The Porsche 911 Carrera GTS Cabriolet, a drop-top version of the regular 997 model’s ‘run-out special’. It’s a rear-drive 911 Carrera S with all the best bits thrown at it, and prices kick off at £85,249.
The wider 911 body normally reserved for more potent models, such as all-wheel-drive 911s and the GT2 RS and GT3, houses the regular 997.2 Carrera S’s 3.8-litre flat-six engine. This gets the usually optional Power Kit as standard, boosting its output by 22bhp to 402bhp. PASM - active suspension management to you and I - is standard, as is a sports exhaust. A six-speed manual (which we drove) is standard with Porsche’s PDK twin-clutch transmission an option.
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What's it like to drive?
The Carrera GTS Coupe is our favourite non-motorsport Porsche 911, and this is our favourite Cabriolet. A five per cent hike in power doesn’t sound huge, but it’s noticeable, while the torque curve is fatter, making the flat-six sharper throughout its rev range. The engine is a belter, and you can feel how much development and honing it’s benefited from. And with the sports exhaust button pressed, hanging onto every rev is rewarding, too.
All the controls are as deliciously weighted as ever, responsive and precise pedals and steering always keeping you involved. The front end is hugely communicative and the wider rear feels unfailingly planted, even in wet weather; you can’t fail to have confidence in the GTS’s immense grip levels, though this might disappoint some who’ll need to push that bit harder to intentionally breach them. On rougher roads you’ll sense a bit less rigidity that tells you you’re in a soft-top rather than coupe 911, mind.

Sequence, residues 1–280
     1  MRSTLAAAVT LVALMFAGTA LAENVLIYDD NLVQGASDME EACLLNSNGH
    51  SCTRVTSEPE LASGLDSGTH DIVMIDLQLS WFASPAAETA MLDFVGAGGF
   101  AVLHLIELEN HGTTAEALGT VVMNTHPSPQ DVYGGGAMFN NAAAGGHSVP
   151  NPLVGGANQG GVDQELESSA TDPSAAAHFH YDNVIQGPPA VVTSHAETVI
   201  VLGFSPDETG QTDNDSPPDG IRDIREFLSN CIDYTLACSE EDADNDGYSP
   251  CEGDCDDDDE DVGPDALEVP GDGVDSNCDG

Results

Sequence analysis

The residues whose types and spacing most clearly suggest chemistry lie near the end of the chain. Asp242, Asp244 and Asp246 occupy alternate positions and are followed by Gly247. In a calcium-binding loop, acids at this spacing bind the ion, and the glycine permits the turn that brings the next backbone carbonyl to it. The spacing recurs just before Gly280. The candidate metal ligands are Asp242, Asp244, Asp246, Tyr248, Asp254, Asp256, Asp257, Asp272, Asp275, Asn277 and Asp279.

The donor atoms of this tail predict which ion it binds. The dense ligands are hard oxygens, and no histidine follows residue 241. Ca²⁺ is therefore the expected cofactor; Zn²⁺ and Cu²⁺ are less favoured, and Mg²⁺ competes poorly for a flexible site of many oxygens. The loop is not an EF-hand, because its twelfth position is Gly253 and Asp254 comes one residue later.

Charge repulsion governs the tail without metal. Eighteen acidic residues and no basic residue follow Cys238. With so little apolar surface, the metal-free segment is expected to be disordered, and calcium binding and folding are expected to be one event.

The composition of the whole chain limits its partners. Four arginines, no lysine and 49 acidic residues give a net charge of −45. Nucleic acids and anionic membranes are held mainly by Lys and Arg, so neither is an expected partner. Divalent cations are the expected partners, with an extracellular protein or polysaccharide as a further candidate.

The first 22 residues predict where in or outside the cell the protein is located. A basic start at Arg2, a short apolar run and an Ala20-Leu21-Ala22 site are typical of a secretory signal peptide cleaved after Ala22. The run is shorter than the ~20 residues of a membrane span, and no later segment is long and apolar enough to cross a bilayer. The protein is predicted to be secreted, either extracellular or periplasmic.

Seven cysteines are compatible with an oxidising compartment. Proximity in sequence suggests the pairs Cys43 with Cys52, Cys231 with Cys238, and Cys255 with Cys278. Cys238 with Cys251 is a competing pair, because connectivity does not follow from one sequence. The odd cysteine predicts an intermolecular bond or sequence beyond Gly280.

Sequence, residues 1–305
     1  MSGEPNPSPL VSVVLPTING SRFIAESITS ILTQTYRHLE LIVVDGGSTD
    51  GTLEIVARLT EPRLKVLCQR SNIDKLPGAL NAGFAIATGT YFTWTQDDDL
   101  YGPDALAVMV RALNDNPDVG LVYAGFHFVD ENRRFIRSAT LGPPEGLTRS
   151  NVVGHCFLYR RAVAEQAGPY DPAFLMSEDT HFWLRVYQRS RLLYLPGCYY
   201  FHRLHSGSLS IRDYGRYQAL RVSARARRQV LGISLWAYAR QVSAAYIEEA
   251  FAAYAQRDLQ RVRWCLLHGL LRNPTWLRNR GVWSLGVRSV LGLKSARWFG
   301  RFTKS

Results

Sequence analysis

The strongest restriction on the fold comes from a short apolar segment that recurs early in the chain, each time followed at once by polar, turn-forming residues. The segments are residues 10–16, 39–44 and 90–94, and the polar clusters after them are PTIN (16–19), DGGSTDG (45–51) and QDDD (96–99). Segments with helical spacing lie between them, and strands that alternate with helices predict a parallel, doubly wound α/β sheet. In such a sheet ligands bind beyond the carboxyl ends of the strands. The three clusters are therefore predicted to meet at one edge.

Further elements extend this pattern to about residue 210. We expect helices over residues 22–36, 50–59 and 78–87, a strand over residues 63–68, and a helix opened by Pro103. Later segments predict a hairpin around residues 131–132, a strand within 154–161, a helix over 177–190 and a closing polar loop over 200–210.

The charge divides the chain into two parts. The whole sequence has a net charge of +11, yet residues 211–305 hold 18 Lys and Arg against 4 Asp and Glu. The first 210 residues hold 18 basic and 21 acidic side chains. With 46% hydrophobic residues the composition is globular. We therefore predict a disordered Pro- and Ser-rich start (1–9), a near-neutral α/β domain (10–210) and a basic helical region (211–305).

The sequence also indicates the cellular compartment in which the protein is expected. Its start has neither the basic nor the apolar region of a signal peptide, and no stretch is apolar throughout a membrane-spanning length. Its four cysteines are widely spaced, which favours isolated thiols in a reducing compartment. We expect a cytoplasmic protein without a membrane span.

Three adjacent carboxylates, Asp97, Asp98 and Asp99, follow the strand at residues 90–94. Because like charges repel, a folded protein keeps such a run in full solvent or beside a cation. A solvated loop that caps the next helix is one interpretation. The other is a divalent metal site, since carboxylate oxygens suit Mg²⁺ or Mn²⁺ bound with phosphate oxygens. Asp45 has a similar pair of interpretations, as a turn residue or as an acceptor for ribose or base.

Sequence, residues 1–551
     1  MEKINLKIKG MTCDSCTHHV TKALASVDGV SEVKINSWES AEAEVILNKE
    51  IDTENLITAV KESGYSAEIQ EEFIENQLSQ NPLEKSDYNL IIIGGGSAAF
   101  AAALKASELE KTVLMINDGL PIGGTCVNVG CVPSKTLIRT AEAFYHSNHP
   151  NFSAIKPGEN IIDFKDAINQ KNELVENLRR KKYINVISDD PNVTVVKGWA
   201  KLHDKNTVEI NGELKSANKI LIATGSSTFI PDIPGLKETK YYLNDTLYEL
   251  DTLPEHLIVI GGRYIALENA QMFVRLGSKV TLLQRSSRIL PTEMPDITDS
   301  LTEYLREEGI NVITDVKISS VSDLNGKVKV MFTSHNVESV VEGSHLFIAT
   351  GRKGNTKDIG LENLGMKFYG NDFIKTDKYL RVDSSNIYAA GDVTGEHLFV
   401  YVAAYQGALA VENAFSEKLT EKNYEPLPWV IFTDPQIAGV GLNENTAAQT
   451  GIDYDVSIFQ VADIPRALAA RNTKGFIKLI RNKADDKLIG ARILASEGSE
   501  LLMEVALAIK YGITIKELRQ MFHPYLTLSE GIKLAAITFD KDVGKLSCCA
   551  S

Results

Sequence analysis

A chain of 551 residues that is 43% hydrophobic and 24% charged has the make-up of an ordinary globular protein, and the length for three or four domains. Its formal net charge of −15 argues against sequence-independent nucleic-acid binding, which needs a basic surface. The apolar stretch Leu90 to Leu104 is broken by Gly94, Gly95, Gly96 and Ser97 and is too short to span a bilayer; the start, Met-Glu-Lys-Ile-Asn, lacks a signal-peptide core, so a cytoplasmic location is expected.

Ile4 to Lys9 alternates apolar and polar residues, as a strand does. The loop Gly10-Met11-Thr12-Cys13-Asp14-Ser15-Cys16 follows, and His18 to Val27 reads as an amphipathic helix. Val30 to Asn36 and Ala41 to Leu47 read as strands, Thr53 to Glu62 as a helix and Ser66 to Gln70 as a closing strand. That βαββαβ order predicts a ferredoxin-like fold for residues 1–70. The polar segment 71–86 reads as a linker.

A supple ride helps make a fine long distance cruiser, and its Autobahn performance is particularly impressive: 150mph cruising is safe and comfortable, while we saw a speedometer-indicated 199mph before having to brake for traffic, with the engine having a bit more still to give.
How does it compare?
The only other drop-top sports car with dynamics to match the 911 is Audi’s R8 Spyder, which in V8 form costs over £10K more (£96,595) while delivering mildly better numbers (424bhp, 317lb ft). It weighs more though, and is less practical, with no rear seats. Sounds and looks more like a supercar, though.
Anything else I need to know?
Some would argue that if you’re going non-hardcore and buying a 911 Cabriolet, the cheapest, £75K, 340bhp Carrera 3.6 is your best bet. The Carrera GTS does make for a more compelling looking and driving car, though.
|Max power||402bhp @ 7300rpm|
|Max torque||310lb ft @ 4200-5600rpm|
|0-60||4.8sec (0-62mph, claimed)|
|Top speed||190mph (claimed)|